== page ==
My Aunt Anne always said, “never miss a ‘simcha’- (Yiddish for celebration); don’t wait for the funeral.”
I’d visited my aunt several times in the past four years since she’d moved to Connecticut after many years in Florida. By the time she was 94, though still active playing cards, collecting antiques, and volunteering at a local college, her family convinced her to relocate closer to them. She died last week and her funeral was yesterday. A large gathering of friends and extended family- grandchildren, great-grandchildren, nieces and nephews, her children and their spouses, and of course her sister Lillian, 92, and my father, 87, assembled to celebrate her life.
Annie, as all called her, loved to shop, especially if it was shopping with and for children. My sister Madeline remembers her taking my brother and her to a pet store and buying them hamsters and gerbils, much to the dismay of my parents, especially upon realizing that the pet store had matched a male and female gerbil together, resulting in several batches of babies.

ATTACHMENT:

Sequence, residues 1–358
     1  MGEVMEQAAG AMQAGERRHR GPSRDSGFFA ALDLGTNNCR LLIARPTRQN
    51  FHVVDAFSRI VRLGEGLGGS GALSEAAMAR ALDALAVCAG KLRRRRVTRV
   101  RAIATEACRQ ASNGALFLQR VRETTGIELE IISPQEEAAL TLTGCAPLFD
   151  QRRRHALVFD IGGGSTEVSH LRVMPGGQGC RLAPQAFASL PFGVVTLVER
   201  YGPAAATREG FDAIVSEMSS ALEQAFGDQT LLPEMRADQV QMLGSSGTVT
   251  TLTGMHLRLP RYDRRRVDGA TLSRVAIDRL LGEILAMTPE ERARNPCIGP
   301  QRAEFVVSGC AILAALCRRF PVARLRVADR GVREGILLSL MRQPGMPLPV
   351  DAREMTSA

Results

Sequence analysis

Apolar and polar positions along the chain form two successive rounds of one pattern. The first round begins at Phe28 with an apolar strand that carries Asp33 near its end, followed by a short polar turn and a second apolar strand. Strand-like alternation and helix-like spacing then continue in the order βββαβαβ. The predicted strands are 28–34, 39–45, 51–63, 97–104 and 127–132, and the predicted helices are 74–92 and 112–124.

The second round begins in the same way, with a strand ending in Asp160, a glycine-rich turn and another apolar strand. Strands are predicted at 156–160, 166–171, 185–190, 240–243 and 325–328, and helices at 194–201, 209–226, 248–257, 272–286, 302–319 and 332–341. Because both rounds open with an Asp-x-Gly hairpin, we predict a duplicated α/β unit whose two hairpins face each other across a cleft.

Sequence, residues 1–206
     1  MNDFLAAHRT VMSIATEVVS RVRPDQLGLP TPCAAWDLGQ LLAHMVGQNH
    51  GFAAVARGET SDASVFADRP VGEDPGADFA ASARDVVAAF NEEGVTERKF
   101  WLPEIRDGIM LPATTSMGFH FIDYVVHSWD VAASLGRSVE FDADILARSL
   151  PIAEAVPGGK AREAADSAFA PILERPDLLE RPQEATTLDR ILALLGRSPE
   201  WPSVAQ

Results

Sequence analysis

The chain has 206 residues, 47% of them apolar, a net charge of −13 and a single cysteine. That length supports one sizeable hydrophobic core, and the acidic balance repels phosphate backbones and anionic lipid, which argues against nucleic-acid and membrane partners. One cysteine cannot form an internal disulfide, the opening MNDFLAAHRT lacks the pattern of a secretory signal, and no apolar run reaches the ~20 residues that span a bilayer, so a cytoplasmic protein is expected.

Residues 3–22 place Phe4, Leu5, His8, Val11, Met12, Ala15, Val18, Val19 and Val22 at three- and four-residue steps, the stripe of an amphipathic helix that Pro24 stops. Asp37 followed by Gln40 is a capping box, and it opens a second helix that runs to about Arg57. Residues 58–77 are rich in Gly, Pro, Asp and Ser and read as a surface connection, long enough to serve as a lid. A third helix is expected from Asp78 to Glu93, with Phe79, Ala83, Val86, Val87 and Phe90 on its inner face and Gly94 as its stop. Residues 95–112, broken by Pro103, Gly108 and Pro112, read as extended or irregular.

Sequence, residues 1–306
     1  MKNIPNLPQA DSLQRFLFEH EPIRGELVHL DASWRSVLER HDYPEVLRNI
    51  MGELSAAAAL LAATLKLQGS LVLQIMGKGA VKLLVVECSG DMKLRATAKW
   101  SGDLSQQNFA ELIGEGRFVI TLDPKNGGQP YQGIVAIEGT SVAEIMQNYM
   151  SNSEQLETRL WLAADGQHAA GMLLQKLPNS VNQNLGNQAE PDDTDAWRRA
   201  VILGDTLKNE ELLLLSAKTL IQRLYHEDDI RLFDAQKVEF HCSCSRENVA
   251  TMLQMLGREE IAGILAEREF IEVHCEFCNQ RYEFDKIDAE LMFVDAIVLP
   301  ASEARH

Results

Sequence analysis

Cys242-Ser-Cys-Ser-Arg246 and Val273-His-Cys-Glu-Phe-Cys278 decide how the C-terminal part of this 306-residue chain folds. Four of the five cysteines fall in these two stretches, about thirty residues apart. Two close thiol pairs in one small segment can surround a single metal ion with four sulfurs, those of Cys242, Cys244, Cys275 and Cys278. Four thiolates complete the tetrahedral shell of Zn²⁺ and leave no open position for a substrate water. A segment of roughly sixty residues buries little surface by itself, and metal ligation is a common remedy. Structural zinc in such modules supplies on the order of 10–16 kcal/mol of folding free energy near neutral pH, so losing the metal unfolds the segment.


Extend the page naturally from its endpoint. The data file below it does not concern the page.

She loved family gatherings and even towards the end, relished the constant stream of visitors and contributed to conversations as she could. She grew up in Queens, NY, and by 9 years old, was taking care of her sister and brother, and also helping her father at his glass store in Greenwich Village, where she learned to cut glass and mirrors.
After catching up with cousins— promising to keep in touch and find an occasion to get together—though knowing how hard this is with everyone’s busy lives, we decided to face the I-95 traffic and realized we had enough time to do what we’d originally planned for the day—our annual visit to the New York Botanical Garden’s orchid show.
This year’s show features the Victorian era history of orchid collecting and propagation, where orchid hunters risked lives to seek out rare species around the world. I did wonder where the thin line between scientific passion and dangerous obsession met, but found the tales incredible nevertheless.
Strolling through the exhibit, I thought about Annie and her many gifts and hoped she’d have approved of our excursion.